Working on the stairs up

 The banisters

 

Looking north again - with roof in place

Looking north again – with roof in place

 

Porch roofing structure

Porch roofing structure and lintels

 

Its taking shape now

Its taking shape now

(Just in time for the phantom rainy season –  its a drought year)

 

 

Tree House Number 2: The Roof Goes On

Roofing continues with a layer of Alububble insulation followed by the fish scale tiling.

Edmore the roofer

Edmore the roofer

 

A roll of Alububble

A roll of Alububble

 

A layer of Alububble insulation goes on first

A layer of Alububble insulation goes on first

 

Yes that is a tree sticking out through the roof

Yes that is a tree sticking out through the roof

 

Rear view with Alububble in place

Rear view with Alububble in place

 

'Chimney' with green fish scale tiling

‘Chimney’ starts with green fish scale tiling

 

Chimney frame being hauled up

Chimney frame being hauled up

 

and lowered into position

and lowered into position

 

Chimney frame in position

Chimney frame in position

 

You get the idea

You get the idea

 

Looking good

Looking good

 

Tree House Number 2: More Walls and Roof

Edmore sighting his lines for the roofing trusses – actually the rafters. Its the foundations that are inverted roofing trusses!

Edmore sighting his lines for the roof

Edmore sighting his lines for the roof

 

Sight lines where the rafters will join the tree

Sight lines where the rafters will join the tree

 

In the tree tops with spirit level!

In the tree tops with spirit level!

 

Gouging holes for the roof beams

Gouging holes for the roof beams

 

More gouging

More gouging

 

Trees were harmed in the making of this production

Trees were harmed in the making of this production

 

Walls and rafters, and trees

Walls and rafters, trees and trusses

 

Fufura (giant butterflies)

Fufura (giant butterflies)

 

Roofing slats going on the the rafters

Roofing slats going on the the rafters

 

Trusses and rafters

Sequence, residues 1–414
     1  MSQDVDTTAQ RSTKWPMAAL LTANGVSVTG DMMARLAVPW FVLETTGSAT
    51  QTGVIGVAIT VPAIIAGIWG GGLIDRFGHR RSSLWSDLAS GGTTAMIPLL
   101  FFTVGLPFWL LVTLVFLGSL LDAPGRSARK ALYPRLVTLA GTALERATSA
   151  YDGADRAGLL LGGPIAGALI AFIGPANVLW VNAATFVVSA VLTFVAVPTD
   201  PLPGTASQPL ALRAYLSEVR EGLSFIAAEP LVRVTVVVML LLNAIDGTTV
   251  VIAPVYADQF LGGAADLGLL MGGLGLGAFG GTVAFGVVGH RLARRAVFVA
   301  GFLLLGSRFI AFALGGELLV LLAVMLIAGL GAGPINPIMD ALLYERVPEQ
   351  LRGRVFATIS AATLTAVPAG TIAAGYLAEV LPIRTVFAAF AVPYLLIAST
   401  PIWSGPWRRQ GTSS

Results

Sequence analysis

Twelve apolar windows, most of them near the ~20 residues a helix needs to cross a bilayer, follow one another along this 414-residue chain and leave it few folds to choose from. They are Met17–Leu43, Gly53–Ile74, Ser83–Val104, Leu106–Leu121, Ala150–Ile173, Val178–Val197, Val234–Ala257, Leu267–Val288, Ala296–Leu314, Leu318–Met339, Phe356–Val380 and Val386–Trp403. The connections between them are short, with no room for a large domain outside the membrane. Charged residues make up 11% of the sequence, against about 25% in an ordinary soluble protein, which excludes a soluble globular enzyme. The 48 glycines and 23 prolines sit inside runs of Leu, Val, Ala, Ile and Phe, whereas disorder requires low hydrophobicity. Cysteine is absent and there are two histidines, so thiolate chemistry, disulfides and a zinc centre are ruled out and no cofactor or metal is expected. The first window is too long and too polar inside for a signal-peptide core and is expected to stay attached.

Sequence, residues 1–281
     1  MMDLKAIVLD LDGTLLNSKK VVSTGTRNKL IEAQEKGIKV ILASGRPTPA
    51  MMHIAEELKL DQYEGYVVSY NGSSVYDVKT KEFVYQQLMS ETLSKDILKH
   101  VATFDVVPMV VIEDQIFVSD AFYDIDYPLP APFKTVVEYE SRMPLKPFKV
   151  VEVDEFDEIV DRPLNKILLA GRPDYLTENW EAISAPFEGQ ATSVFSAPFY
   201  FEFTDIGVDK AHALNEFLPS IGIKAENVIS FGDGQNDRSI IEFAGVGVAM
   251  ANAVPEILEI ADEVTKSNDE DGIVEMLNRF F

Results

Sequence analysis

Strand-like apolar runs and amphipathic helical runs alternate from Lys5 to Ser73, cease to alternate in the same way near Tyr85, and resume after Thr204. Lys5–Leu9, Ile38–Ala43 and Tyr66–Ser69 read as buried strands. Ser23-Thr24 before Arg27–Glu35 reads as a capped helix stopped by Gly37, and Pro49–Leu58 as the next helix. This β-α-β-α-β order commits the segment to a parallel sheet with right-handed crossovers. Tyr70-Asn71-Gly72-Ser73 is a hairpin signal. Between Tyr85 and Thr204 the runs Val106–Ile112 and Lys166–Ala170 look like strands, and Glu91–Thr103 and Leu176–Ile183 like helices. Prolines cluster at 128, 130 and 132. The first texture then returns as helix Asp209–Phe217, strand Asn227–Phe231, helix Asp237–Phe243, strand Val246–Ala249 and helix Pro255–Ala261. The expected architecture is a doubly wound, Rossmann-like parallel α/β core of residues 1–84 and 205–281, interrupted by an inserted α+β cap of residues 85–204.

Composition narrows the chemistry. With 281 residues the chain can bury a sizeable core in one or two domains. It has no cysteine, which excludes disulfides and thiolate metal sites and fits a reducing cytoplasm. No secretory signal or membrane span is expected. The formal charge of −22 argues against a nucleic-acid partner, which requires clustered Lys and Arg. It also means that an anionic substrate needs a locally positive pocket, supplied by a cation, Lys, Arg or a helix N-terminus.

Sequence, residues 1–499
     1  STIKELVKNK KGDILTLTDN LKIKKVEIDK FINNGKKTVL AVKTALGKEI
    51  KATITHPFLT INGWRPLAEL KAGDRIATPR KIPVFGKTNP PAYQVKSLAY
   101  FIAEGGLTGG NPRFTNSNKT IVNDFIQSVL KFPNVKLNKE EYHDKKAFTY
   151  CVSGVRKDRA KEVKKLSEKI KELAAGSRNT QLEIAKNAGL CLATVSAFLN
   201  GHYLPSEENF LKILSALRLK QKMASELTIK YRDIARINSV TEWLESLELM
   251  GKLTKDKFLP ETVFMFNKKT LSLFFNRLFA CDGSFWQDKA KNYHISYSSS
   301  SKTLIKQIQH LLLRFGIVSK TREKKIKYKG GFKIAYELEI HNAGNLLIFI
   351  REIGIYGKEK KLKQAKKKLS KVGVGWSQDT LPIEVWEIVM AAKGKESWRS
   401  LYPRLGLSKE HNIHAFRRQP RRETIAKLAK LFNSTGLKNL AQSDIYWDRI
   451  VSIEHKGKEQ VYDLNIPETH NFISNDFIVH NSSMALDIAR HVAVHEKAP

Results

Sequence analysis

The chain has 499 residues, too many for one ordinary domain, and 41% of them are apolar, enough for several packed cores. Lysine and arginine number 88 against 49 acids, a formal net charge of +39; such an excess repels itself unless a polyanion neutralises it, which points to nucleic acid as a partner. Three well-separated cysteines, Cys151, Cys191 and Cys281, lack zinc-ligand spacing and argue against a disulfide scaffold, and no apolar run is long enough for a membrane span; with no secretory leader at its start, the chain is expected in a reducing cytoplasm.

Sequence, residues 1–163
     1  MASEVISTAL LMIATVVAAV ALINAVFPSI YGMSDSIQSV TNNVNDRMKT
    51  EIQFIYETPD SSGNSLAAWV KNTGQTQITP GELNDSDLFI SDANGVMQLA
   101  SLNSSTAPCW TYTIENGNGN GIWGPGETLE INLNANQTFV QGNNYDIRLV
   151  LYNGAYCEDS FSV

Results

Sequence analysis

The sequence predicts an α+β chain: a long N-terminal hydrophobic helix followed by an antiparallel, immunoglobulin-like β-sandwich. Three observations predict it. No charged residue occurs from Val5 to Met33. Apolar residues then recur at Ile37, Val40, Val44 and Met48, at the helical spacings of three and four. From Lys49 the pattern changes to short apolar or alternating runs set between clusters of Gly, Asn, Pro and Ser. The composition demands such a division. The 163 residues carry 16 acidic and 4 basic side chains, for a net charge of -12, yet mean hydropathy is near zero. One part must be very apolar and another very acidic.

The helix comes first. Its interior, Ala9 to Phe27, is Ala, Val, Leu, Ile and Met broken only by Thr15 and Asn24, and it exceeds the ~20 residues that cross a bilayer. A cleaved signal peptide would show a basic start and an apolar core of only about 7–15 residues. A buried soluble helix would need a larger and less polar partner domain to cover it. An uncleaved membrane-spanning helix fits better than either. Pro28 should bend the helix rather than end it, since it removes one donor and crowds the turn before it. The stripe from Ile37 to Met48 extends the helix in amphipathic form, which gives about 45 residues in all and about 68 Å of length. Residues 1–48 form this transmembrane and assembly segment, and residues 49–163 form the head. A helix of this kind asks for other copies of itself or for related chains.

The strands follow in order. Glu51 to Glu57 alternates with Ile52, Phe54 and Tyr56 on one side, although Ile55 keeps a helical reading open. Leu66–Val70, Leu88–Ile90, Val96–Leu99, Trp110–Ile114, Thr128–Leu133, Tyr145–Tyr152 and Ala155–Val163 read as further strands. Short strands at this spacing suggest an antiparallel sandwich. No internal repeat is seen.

Trusses and rafters

 

Roofers in action

Roofers in action

 

Roofers in action

Roofers in action

 

Didymus

Didymus

 

Is that a tree in your roofing?

Is that a tree in your roofing?

 

Nice view of the construction

Nice view of the ongoing construction

Tree House Number 2: The Walls Go Up

The foundations are in place, the floor is down so next the walls go up…

The floor to ceiling windows were made as units of four in the workshop then held in place until the walls are built to support them.

Tree house walls start to go up

Tree house walls start to go up

Didymus practicing building by interlocking planks at the corners (just in case we need to know this technique in the future …. stay tuned wood lovers…).

Interlocking at the corners

Interlocking planks at the corners

 

We layered shinda (string) in-between the planks to provide a first form of gap closing / draft proofing for where planks were not perfectly machined.

Placing string between each plank

Placing string between each plank

 

Front door frame with lintel

Front door frame with lintel

 

Delight and Edmore wall building

Delight and Edmore wall building

 

You get the idea now!

You get the idea now!

 

Tree house north wall at sunset

Tree house north wall at sunset

 

Back door frame facing west

Tree house back door frame facing west

 

Looking out of the window in Nyanga direction

Looking out of the window in Nyanga direction (west)